In September 2016, the Narendra Modi government placed an order with the French manufacturer Dassault Aviation to purchase 36 new Rafale fighter jets for the Indian Air Force. The delivery is set to be completed by 2022.
The $8.7 billion Rafale deal involved a payment worth $1.17 million (one million euros) to an Indian middleman, which planemaker Dassault has not been able to explain to the French Anti-Corruption Agency (Agence française anticorruption or AFA), according to the online journal Mediapart.
According to the revelation made on Sunday, Dassault had agreed to pay $1.17 million to one of the contractors in India, Defsy Solutions, for 50 large replica models of Rafale jets. However, when AFA asked about the replica models, Dassault failed to provide any details, including photographs.
Mediapart also revealed that Defsy Solutions does not specialise in making models. Instead, it assembles flight simulators and optical and electronic systems for the aeronautical industry, often under license for foreign companies.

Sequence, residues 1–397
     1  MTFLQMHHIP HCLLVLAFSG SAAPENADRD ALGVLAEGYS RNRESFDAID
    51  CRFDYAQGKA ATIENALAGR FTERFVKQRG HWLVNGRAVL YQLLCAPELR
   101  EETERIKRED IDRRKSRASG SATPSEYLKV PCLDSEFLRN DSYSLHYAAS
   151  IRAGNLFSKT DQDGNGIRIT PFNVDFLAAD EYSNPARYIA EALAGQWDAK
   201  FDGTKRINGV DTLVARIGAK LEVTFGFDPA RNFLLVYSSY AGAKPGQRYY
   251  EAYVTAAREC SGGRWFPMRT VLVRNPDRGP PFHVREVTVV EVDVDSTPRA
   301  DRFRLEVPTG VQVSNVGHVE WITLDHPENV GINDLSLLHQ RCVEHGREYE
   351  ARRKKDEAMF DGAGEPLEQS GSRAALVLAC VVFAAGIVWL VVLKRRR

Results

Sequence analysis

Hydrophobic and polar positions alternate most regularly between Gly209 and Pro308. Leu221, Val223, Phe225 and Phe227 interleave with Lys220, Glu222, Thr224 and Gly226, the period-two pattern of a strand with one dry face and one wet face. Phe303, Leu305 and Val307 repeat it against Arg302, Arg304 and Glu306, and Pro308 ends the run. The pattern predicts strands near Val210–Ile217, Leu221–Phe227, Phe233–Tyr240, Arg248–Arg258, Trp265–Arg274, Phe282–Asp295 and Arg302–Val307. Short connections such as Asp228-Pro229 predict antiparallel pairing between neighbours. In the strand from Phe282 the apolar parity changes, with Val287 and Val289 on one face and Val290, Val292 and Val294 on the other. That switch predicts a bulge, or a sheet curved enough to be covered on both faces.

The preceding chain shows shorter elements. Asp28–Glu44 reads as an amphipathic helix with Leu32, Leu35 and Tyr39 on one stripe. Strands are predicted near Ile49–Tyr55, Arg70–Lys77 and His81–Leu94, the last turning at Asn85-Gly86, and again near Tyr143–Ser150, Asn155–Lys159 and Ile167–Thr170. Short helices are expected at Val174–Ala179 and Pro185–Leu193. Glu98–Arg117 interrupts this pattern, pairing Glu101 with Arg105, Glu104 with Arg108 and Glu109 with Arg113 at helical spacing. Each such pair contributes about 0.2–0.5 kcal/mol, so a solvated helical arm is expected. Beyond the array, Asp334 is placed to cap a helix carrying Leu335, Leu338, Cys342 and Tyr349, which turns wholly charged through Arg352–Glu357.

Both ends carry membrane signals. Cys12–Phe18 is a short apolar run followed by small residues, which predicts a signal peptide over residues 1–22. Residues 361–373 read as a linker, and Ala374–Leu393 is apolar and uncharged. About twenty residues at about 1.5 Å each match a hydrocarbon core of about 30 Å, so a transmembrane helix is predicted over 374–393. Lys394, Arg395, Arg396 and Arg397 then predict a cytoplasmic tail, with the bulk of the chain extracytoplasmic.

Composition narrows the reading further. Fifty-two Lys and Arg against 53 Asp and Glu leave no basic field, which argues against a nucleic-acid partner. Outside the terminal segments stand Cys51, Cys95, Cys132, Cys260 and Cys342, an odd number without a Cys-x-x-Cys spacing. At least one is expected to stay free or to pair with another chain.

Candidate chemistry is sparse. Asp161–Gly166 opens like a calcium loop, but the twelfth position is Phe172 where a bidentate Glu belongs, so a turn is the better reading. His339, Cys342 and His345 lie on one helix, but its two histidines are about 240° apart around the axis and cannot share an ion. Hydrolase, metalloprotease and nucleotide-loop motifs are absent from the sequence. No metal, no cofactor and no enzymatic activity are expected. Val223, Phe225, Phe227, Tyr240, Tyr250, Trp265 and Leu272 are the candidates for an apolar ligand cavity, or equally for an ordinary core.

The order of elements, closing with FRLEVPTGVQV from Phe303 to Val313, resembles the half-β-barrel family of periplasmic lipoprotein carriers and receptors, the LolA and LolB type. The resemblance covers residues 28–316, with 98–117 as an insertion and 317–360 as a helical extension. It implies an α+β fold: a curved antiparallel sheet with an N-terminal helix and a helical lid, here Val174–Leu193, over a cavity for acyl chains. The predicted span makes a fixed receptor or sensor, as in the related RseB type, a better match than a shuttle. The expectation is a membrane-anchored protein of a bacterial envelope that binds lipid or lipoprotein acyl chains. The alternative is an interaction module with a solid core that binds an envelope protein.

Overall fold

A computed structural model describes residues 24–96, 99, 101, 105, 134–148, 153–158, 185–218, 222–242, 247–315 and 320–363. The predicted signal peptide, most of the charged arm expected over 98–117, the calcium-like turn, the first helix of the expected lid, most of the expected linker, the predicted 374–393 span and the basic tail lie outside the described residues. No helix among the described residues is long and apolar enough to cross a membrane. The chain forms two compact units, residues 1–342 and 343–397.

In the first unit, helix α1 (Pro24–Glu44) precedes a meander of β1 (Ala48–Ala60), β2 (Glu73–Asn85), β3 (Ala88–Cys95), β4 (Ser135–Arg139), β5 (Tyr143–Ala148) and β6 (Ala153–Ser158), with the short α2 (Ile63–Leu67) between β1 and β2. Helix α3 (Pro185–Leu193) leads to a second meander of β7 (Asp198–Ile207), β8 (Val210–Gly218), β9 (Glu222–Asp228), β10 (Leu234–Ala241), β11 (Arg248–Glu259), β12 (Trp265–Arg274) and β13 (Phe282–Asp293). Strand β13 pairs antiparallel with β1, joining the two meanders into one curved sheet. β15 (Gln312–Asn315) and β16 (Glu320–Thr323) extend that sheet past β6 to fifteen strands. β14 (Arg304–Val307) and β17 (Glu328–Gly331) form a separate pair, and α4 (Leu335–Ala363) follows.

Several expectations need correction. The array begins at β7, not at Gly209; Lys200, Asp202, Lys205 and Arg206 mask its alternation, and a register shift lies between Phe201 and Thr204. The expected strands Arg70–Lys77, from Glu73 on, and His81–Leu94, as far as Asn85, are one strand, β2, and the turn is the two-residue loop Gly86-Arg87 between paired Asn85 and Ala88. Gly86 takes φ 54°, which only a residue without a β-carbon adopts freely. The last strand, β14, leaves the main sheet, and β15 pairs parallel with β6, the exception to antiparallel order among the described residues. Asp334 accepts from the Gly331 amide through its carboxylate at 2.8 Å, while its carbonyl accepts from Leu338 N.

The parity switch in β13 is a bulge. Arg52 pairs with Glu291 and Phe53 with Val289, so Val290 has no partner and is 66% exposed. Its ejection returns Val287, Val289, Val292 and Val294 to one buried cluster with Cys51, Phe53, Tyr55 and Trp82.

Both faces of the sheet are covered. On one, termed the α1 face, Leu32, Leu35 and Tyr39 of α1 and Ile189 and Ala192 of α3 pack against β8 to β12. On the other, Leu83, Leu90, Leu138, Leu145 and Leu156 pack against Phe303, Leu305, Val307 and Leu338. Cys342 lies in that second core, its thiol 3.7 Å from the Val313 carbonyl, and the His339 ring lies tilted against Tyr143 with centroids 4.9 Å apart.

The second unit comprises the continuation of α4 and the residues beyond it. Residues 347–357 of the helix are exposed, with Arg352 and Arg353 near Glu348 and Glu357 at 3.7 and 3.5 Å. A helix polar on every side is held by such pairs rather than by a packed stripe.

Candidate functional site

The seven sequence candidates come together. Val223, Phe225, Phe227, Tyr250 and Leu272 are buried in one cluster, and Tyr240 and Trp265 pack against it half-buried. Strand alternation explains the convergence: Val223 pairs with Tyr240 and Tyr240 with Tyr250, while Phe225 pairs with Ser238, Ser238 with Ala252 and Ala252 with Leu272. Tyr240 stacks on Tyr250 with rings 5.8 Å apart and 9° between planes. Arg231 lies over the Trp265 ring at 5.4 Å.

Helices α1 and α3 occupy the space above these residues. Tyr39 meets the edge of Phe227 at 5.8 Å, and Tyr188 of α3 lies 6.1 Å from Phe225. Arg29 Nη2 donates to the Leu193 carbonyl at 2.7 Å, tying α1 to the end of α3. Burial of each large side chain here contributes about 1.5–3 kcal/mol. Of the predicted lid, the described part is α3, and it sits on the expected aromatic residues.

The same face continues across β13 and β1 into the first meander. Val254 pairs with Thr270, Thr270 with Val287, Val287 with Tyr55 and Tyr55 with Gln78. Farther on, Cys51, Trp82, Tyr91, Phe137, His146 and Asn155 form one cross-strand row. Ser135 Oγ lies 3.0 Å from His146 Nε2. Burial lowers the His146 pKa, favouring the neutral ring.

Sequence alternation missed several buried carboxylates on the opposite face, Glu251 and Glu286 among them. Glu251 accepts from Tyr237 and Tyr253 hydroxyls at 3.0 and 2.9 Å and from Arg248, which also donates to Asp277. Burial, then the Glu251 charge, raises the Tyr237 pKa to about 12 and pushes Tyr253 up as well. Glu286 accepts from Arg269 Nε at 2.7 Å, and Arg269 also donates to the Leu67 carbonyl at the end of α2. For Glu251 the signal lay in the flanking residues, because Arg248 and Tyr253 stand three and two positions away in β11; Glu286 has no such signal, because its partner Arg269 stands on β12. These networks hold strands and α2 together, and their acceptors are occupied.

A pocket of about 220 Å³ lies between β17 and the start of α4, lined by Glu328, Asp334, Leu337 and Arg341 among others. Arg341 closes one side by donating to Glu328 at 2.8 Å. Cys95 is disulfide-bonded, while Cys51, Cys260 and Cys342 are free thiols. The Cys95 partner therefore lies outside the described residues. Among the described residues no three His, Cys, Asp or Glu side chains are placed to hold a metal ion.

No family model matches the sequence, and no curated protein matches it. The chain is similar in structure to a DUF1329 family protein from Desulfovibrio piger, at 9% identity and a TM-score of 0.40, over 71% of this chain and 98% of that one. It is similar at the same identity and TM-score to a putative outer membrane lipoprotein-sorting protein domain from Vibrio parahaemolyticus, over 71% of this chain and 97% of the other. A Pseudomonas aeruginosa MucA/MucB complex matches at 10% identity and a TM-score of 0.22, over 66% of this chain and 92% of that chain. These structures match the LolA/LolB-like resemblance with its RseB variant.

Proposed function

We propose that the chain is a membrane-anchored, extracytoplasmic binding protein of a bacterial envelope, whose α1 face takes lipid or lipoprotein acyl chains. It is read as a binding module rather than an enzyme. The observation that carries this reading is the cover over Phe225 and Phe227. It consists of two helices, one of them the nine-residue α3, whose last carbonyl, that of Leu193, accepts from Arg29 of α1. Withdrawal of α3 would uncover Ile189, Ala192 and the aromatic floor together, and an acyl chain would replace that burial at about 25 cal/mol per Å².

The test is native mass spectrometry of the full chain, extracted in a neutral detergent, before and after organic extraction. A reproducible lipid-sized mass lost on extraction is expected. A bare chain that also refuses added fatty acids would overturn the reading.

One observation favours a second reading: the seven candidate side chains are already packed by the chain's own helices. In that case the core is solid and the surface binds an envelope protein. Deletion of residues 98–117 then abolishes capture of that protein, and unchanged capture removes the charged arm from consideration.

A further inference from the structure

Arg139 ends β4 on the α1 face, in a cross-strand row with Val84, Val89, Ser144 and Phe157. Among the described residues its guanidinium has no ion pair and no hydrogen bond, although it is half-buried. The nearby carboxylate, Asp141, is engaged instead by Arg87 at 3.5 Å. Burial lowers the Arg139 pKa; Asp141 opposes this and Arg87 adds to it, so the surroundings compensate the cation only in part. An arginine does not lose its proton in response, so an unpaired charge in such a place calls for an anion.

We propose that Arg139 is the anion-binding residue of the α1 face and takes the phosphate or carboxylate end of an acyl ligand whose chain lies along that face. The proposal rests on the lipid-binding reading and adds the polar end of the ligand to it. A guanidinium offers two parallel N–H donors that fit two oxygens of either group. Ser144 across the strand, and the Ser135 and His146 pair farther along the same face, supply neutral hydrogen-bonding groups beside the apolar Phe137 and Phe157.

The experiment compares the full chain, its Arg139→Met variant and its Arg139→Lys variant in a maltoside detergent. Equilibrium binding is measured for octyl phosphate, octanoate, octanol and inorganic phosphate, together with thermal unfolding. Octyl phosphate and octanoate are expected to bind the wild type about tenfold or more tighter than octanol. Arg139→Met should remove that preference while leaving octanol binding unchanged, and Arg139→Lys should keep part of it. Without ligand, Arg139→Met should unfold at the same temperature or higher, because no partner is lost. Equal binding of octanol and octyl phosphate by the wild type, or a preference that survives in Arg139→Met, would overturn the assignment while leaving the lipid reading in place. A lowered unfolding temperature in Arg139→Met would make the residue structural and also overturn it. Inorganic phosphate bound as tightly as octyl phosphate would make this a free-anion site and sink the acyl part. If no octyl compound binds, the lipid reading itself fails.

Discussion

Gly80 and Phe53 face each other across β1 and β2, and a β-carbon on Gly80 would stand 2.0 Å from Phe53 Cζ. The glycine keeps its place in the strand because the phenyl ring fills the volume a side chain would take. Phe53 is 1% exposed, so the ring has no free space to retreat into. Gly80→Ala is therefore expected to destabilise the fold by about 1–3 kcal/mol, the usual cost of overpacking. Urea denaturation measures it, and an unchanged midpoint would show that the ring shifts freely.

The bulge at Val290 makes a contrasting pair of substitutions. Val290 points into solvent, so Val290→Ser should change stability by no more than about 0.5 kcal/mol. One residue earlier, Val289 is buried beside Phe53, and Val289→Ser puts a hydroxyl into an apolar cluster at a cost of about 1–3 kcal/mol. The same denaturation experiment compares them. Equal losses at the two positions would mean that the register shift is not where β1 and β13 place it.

Sushen Gupta, owner of Defsy Solutions, was arrested in March 2019 by the Enforcement Directorate (India’s investigating agency) in a money laundering case relating to a different scam.
According to the French online journalist, Charles Duchaine, the director of AFA, did not refer the matter to the authorities and instead mentioned the entire episode in “two short paragraphs” in the agency’s final report on its Dassault audit.
The AFA reports to the French Ministry of Justice and Finance.
Since the signing of the contract, the Rafale fighter jet deal has been under intense scrutiny by the Indian opposition as Congress party leader Rahul Gandhi, among others, accused Prime Minister Narendra Modi of treason and corruption multiple times, and alleged that he had acted as a middleman for industrialist Anil Ambani in the deal.
Since October 2019, 21 Rafale jets have been delivered to India.